08 May Getting caught with rule changes – Brad Beer
I recently received an e-mail from Kathy, an investor who purchased an investment property, which settled after a 30-day cooling off period. While that is not normal, that was not the point of the question. Kathy’s question relates to a protracted negotiation that impacted depreciation because of some new rules that were introduced during the negotiations. We turn to Brad Beer from BMT Tax Depreciation to help understand what happened.
Kevin: I recently received an e-mail from Kathy, an investor who purchased an investment property, which settled after a 30-day cooling off period. That’s not normal, but anyway it settled in August 2017.
Kathy writes “Hi Kevin,” she goes through the details there. “I made two previous offers on the house commencing late May 2017” – I’m emphasizing these dates because they’re fairly important in this overall question – “and after two crashed contracts from other people’s higher offers, we were successful in our offer in July, and then settled in August.
“During this time, the new laws came into effect disallowing depreciation of existing assets in the home, of which this property has many. It has a little depreciable value in renovation capital. Is it just a bit of bad luck for me with regards to the timing of the laws that were made, or is there any allowable grace with regards to the dates this came into effect?”
This is a bit of a cheeky part. “It’s just a real shame for this particular investment property. I just didn’t think those laws would get up. Thanks so much for the opportunity.” That’s my pleasure, Kathy.
I’m going to turn now to answer that question, and also talk a little bit more about those changes with Brad Beer from BMT. He is the Chief Executive Officer of BMT Tax Depreciation.
Brad, thanks again for your time. I sent you Kathy’s question. Can you answer that first? And then I’ll ask you a few more questions about those changes.
Brad: Yes, for sure. Great to be here, Kevin. I can answer, and there’s a bit of a long question there with a few little parts to answer. But the simple fact is when they announced these changes in the Budget in May 2017, they talked about that anyone who exchanges a contract from that evening at 7:30 p.m. is affected by those rules.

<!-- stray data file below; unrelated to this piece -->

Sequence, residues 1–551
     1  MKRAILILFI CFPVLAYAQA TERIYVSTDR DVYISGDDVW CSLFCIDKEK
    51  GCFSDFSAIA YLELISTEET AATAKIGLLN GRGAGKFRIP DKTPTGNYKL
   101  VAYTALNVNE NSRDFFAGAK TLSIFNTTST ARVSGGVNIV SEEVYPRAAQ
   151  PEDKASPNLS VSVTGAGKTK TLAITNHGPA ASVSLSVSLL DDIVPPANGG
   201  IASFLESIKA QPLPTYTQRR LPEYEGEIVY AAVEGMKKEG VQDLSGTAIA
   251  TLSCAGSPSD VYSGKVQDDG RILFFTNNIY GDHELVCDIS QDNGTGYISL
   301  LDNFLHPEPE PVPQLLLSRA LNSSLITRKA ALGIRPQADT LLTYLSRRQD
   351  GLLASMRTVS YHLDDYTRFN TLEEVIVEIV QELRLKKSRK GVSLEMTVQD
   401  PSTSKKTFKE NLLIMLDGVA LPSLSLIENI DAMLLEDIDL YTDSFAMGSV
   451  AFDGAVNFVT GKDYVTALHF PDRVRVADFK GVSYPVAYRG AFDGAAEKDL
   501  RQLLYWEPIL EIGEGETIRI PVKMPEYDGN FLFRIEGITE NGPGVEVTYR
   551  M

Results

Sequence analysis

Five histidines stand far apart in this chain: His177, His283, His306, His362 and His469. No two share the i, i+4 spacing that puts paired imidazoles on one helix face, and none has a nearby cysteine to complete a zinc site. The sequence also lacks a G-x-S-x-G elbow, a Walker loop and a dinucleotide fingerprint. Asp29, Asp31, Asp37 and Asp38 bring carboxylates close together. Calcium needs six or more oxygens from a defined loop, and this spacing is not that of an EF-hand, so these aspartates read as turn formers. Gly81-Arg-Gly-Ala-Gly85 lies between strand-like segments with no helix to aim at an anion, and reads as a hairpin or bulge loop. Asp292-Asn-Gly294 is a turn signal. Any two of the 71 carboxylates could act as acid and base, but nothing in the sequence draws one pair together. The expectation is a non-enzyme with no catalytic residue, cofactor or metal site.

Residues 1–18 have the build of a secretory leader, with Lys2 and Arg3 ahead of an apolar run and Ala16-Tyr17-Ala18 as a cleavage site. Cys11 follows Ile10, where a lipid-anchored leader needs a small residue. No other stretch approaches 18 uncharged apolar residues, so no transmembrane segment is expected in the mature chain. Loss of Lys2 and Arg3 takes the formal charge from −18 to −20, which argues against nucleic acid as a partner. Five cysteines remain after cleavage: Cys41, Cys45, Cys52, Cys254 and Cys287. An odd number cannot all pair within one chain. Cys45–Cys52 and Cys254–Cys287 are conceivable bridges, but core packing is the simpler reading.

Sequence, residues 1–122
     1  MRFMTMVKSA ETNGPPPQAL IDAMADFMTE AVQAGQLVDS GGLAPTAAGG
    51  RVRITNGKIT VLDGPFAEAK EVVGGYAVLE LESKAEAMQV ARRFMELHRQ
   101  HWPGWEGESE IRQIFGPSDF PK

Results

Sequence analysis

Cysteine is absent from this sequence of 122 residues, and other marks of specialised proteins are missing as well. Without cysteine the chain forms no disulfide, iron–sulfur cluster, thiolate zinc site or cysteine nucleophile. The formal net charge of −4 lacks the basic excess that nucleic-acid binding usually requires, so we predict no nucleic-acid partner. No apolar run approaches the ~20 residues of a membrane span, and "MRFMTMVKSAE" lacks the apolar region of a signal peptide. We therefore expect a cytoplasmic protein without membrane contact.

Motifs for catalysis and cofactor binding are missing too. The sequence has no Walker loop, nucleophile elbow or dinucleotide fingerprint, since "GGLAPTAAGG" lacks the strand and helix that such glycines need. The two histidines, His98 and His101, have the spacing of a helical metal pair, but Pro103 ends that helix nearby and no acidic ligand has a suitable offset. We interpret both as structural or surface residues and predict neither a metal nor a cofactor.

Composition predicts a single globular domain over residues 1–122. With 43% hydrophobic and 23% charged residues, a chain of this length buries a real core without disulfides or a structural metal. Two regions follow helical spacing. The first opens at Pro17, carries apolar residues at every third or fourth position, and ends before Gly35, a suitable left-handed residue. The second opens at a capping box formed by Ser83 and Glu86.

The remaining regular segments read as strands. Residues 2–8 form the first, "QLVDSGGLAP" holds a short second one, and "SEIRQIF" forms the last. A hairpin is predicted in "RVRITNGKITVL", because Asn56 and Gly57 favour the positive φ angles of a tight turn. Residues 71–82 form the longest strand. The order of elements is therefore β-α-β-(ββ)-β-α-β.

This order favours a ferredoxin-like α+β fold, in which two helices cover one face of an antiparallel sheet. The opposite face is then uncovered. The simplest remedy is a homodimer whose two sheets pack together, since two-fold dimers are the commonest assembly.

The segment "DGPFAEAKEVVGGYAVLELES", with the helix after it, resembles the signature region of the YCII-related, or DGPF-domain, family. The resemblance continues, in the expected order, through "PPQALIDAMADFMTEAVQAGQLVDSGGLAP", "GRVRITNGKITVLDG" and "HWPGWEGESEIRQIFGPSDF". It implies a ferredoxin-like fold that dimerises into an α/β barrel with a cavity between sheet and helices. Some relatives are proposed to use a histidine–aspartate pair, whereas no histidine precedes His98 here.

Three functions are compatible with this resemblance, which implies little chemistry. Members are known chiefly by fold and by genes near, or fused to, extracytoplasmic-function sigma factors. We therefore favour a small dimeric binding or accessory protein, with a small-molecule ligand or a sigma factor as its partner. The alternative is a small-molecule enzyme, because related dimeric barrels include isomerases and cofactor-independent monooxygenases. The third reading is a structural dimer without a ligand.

The fact that they didn’t actually finalize this legislation until the middle of November was left as irrelevant. If it had fallen over and not got passed then I suppose you would have been back to the same situation, but no, unfortunately Kathy there’s no allowable grace. The legislation talks about all of these dates coming into effect back at the time that they announced this draft legislation.
Even when Kathy started to put offers on these, if you’re in late May, you’re after that date anyway, and it’s all around that exchange of contract that really matters, and it is a little unfortunate.
I’ve even had someone who signed their contract on Budget day in the afternoon before 7:30, but the other side didn’t sign and exchange until the next morning, and unfortunately for them that didn’t exchange until the next day, so they’re affected by these rules after they actually signed their contract.
Kevin: Yeah. So, there’s no grace whatsoever, is there?
Brad: No grace whatsoever.
The only question I have is she says “It has little depreciable value in renovation capital,” means that someone has spent some money on that property and she’s thinking maybe it’s not enough to be valuable to look at it from a depreciation point of view, but talk to us. Ask a couple of questions about what’s been spent, and we can give you an idea of what those dollars need to be to make sure it is worth it. But, yes, unfortunately Kathy, no grace.
Kevin: There you go, Kathy, that’s answered your question. Probably not what you wanted to hear. Kathy did want to get a bit more clarification. I think it’s a good opportunity for us to do that, Brad